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Waste-to-Energy Project in Maldives Gets AIIB Support

Power News - Published on Thu, 24 Sep 2020

Image Source: Waste to Energy Maldives
As an island state, the Maldives does not have a lot of land to waste. Eighty percent of its total land area is distributed among 1,200 coral islands, of which only 188 are inhabited, many are remote, and nearly all are physically vulnerable to rising sea levels. The Maldives created the artificial island of Thilafushi some 30 years ago to serve as a dumpsite for the waste generated in the Greater Malé capital region. As the Maldives’ economy is based mainly on tourism and fisheries, both of which rely heavily on a pristine environment, a more sustainable solution to the garbage problem had to be found.

In response, the Government of Maldives, with support from the Asian Infrastructure Investment Bank and other multilateral development banks, is putting up a sustainable regional solid waste treatment system in the Greater Malé region. It has the goal of ensuring the safe disposal or recycling of waste, reducing the greenhouse gas emissions of the island state, and generating electricity from waste-to-energy. The facility is intended to handle 500 tons of waste per day and convert it to electricity, which is eventually expected to generate eight megawatts of surplus electricity by the end of 2024.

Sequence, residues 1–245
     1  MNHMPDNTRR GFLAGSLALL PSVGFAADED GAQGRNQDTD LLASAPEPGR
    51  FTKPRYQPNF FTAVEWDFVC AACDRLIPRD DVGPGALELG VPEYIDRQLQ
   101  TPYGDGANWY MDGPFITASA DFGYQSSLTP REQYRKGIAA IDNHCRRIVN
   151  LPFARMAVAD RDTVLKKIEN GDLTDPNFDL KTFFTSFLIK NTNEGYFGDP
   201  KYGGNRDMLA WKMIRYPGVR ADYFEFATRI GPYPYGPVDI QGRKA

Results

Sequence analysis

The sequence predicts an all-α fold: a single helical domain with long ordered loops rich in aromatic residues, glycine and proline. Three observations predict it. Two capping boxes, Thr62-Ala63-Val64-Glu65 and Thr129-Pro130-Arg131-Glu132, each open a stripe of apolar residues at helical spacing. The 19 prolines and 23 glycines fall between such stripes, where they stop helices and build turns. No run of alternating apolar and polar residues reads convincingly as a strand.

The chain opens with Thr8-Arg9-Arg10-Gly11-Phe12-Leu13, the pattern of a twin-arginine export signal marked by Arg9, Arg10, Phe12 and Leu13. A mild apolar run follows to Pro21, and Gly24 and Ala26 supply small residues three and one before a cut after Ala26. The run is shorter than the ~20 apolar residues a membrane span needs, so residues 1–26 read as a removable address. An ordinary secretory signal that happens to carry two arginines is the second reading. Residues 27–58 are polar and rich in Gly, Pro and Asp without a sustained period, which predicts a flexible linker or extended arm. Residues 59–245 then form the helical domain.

AIIB has approved a USD40-million loan for the Greater Malé Waste-to-Energy Project, which is being co-financed by the Asian Development Bank (ADB) and the Japan Fund for the Joint Crediting Mechanism.

This is the second AIIB loan to the Maldives, the first being a loan under AIIB’s COVID-19 Crisis Recovery Facility to help the country with its Emergency Response and Health Systems Preparedness Project against COVID-19.

Because the country is at great risk of rising sea levels due to climate change, as well as natural disasters like tsunamis and extreme climate events, the project design incorporates disaster-and climate-resilient features such as raised floor elevations, and flood-proof mechanical and electrical equipment. The cost estimates and implementation schedule also accommodate possible delays or cost increases due to the impact of COVID-19 on supply chains.

The project includes a capacity building component to help government officials manage the project and conduct environmental monitoring. In addition, targeted public awareness campaigns in the main population centers of Malé, Hulhumale, and Villimale will be provided to raise awareness of the new waste collection and waste management system, and 3R (Reduce, Reuse, and Recycle) behaviors to support a clean environment.

Source :

Posted By : Yogender Pancholi on Thu, 24 Sep 2020
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